Feline Corona Virus and FIP in Cats

Feline Infectious Peritonitis (FIP) is one of the leading causes of infectious death in young cats! What causes Feline Enteric Corona, a common intestinal bug, to mutate to FIP, a deadly killer? We do not know. FIP is an inflammatory disease that has no definitive diagnosis and no definitive treatment. Strategies that eliminate stress on the immune system and prevention of transmission by isolating kittens have helped by preventing FIP from ever getting established.


Feline corona virus is endemic in multi cat households, shelters and catteries; meaning it usually is present! Corona replicates in the GI and causes at most a mild diarrhea with virus passing in the feces for months after diarrhea subsides. Because feline corona virus survives in the environment for several weeks after recovery, the potential to transmit virus directly is high. Corona virus is spread through litter pans, grooming, toys and humans moving from area to area.


Corona virus routinely mutates and changes. Most are not an issue but when the mutation changes to FIP virulent type corona, it attacks the White Blood Cells (WBC) and macrophages of the immune system. Inside these cells, it travels through the blood stream moving FIP out of the gut. The infected viral cell attaches to vessel walls or organs while virus replicates in the WBC and ruptures, releasing thousands of viruses. This release of virus and rupture of cell causes inflammation and vasculitis.
  • Vasculitis causes fluid leakage and is responsible for fluid buildup in body cavities known as the Effusive form.
  • When inflammation happens in the cavity linings and organs, the non-effusive or Dry form of FIP happens.


Diagnosis is difficult as fewer than 10% of the cats with feline corona develop FIP! Why one cat and not another get FIP when both carry corona virus is not well understood. Cornell University is close to solving the issue. It appears purebred cats are predisposed to FIP but one must be cautious with that statement as purebreds may be more likely to follow FIP disease.

Cornell University has found a set of spiked proteins and the genes that code them unique to FIP! These spiked proteins are responsible for the changes in the Corona virus that makes it become FIP. That will set the stage for effective diagnostics, treatments and preventions for FIP in the future.


Testing for corona does not help manage away from FIP because we can’t distinguish the enteric corona from FIP!
  • There is an FCoV antibody test that is said to be faster and is being used by breeders. However FCoV antibody is not specific for FIP but picks up all corona. So what do you do with a (+) cat?
  • PCR testing is also non-specific, it will test (+) for any corona but not specific for FIP. False (+) issue still difficult to interpret. This test is often used for cavity fluid to confirm the presence of FIP out of GI area.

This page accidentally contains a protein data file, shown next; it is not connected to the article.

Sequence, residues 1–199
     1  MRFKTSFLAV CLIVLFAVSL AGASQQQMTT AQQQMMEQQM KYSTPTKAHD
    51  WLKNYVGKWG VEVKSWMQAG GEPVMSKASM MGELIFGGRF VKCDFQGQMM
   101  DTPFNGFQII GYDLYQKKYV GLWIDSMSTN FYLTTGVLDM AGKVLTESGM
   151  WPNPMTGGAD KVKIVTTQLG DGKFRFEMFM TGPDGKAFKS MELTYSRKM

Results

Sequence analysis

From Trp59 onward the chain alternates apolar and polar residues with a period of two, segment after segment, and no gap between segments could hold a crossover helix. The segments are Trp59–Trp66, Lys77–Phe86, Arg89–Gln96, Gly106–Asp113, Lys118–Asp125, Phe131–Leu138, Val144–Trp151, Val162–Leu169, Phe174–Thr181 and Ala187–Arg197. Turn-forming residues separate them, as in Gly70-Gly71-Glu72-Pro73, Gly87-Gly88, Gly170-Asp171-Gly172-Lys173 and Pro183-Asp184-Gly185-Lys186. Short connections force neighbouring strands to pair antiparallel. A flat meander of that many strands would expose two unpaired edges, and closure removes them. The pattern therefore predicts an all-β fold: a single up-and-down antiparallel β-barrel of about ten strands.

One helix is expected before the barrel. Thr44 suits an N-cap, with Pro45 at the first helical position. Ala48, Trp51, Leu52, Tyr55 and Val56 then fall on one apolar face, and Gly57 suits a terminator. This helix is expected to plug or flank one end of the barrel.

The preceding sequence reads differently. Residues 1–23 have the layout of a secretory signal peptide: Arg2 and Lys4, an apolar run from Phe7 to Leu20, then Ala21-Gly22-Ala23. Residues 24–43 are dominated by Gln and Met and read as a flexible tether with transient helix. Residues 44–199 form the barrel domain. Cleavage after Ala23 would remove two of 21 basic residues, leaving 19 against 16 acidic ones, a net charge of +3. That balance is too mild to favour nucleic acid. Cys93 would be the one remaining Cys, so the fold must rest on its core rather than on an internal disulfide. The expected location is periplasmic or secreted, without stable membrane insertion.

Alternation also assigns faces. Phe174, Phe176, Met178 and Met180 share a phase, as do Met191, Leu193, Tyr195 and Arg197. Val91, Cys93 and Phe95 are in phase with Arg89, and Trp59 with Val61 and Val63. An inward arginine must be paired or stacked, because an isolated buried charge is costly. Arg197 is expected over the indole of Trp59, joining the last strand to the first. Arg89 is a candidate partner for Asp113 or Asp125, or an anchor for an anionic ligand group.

• Antec lab is trying to develop a specific test for FIP. It too has had false (-) results with report of (-) cats with clinical signs that were positive for FIP on necropsy. With Cornell’s new information, I am confident the research will get there at some point – not there yet.
  • Most feline practitioners do not test except to confirm virus outside the GI in face of FIP clinical signs. PCR for corona RNA in the abdominal fluid is most commonly used.


Treatment is not successful long term though steroids and other anti-inflammatory treatment is helpful short term. Some reports of spontaneous remissions have occurred and medical intervention has had a positive effect on the disease course. Responses are generally considered transient and the diagnosis of FIP is accompanied with a negative prognosis long term.

Recently, Polyprenyl Immunostimulant has been used successfully with the dry form with 2 of 3 cats alive at 24 months but more work is needed to be done to call this a treatment. Supportive care and decrease in the inflammatory response is basis of treatment. Most FIP patients are euthanized because of disease course side effects.


  • Don’t introduce a new cat into a household where an FIP cat has died for 3 months. Corona virus survives for weeks in environment.
  • Remember older cats are more resistant to corona infection than new kitten. Bringing in an older cat has less risk and is often a better option.
  • Most cats in catteries and rescues are infected with feline corona virus.
  • Purebred kittens get exposed from mom or contaminated environment with most infections happening around 9-10 weeks. Isolation for “bio-security” after weaning (6-12 weeks) has been helpful to avoid infection.
  • Genetic factors are thought to influence the development of the virulent form of corona or FIP. When a Tom or Queen has two or more infected litters, consider replacing with lower risk Queen or Tom.
  • Prevent and treat respiratory disease and mild diarrhea to prevent chronic inflammation. We know chronic inflammation plays a role in FIP development. Breeders use L-Lysine to prevent herpes virus (Rhinotracheitis virus) until vaccination immunity is completed. That will take chronic herpes virus out of the mix helping to keep kitten healthy.

Dr. Whittaker and Cornell’s Veterinary college research will set the stage for control and prevention of FIP! Stay tuned to the research as we are not there yet, but closer than ever before.

If you need help, call us at 1-800-786-4751.

-Dr. B
Don Bramlage, DVM, Director of Veterinary Services at Revival Animal Health

The materials, information and answers provided through this website are not intended to replace the medical advice or services of a qualified veterinarian or other pet health care professional. Consult your own veterinarian for answers to specific medical questions, including diagnosis, treatment, therapy or medical attention.

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